Since he took office, President Donald Trump has worked tirelessly to undo nearly everything his predecessor did. That’s been glaringly apparent in his attempts – aided by an eager Republican Congress – to dismantle Obamacare.
A critical component on that coordinated attack on health care reform is the advocacy for short-term health insurance plans.
These affordable plans look great on the surface, but if you dig a little deeper, it quickly becomes apparent that you really do get what you pay for – if that.
Trump Rule Lengthens Short-term Plans
Just last week, the Trump Administration drafted a new rule lengthening the time allowed for short-term health insurance plans that the Affordable Care Act largely phased out years ago.
These 12-month plans boast much lower premiums – up to a third less than traditional comprehensive coverage – and can be renewed for up to three more years, as reported by the Associated Press. These plans are aimed at individuals and families who might not be able to afford full health coverage but earn too much to qualify for subsidies to go into the health care exchange market.
“We see that it’s just unaffordable for so many people who are not getting subsidies and we’re trying to make additional options available,” Health and Human Services Secretary Alex Azar said in a release announcing the change. “These may be a good choice for individuals, but they may also not be the right choice for everybody.”
However, these plans are as limited in scope as they are in length. They likely do not cover pre-existing conditions or prescription drugs. As such, they don’t meet the requirements established by the ACA. They also don’t include a renewal guarantee.
Colorado Pushes Back
These limitations – among others – probably explain why the state of Colorado’s Department of Insurance issued a consumer advisory in the wake of the rule change reinstating short-term health plans.
“Short-term plans are cheap for a reason – they typically exclude pre-existing conditions that people have and they can cap the amount of coverage they provide,” Colorado Insurance Commissioner Michael Conway declared in the written statement. “Because many people will need more coverage than these plans offer, what consumers end up paying out of their own pocket could easily surpass any savings from low premiums.”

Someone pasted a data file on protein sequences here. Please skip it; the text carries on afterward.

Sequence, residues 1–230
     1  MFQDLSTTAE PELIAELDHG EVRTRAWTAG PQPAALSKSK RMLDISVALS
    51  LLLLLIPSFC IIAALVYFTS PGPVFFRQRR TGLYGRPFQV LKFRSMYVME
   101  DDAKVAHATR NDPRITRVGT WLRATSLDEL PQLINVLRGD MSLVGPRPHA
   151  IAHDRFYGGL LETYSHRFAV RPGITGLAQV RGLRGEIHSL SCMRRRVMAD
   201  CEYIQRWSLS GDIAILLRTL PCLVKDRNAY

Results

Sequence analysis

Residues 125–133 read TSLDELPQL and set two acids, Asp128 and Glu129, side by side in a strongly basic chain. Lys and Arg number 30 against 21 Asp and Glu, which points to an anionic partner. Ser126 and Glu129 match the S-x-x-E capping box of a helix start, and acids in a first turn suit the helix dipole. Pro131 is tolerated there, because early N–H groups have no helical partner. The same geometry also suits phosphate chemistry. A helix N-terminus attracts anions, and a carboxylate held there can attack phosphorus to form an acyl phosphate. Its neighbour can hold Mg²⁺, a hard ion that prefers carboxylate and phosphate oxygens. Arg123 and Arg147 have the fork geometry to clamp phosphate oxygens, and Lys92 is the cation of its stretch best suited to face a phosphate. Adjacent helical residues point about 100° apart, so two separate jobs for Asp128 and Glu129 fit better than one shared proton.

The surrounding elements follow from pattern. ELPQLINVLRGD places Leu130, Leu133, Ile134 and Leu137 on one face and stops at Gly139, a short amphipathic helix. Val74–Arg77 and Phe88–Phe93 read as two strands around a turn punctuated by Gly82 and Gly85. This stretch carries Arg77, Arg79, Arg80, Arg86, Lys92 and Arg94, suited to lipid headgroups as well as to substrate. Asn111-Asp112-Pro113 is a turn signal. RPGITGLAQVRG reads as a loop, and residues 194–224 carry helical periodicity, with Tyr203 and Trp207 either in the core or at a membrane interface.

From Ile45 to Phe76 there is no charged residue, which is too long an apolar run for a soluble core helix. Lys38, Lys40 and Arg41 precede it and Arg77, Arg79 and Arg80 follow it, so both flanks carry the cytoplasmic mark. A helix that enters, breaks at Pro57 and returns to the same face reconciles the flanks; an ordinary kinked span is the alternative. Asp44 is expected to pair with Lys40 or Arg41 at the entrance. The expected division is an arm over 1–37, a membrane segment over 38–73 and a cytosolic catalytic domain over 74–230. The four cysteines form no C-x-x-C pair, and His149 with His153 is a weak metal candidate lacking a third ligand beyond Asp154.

Even though Trump’s rule change allows for 12-month plans – with the extension possibility – Colorado law prohibits any short-term plans that last longer than six months, which makes them even less of a bargain here.
Worse still, anyone carrying one of these plans who is then injured in an accident might not be fully covered. And even the shortest of hospital stays can quickly eat up the limited coverage offered by these plans.
“Short terms plans can be problematic for consumers,” explained Debra Judy, Policy Director at the Colorado Consumer Health Initiative. “The lack of coverage for pre-existing conditions, the annual and lifetime limits, the benefit exclusions – these are all factors that will leave consumers exposed to high medical bills. Any consumer considering a short-term plan should be aware of the severe limitations of such coverage.”
These plans might have their uses, but for most Coloradoans they trade-off is hardly worth it. Contact the injury lawyers at Burg Simpson Colorado for help by calling 303-792-5595 or complete our Free Case Evaluation Form now.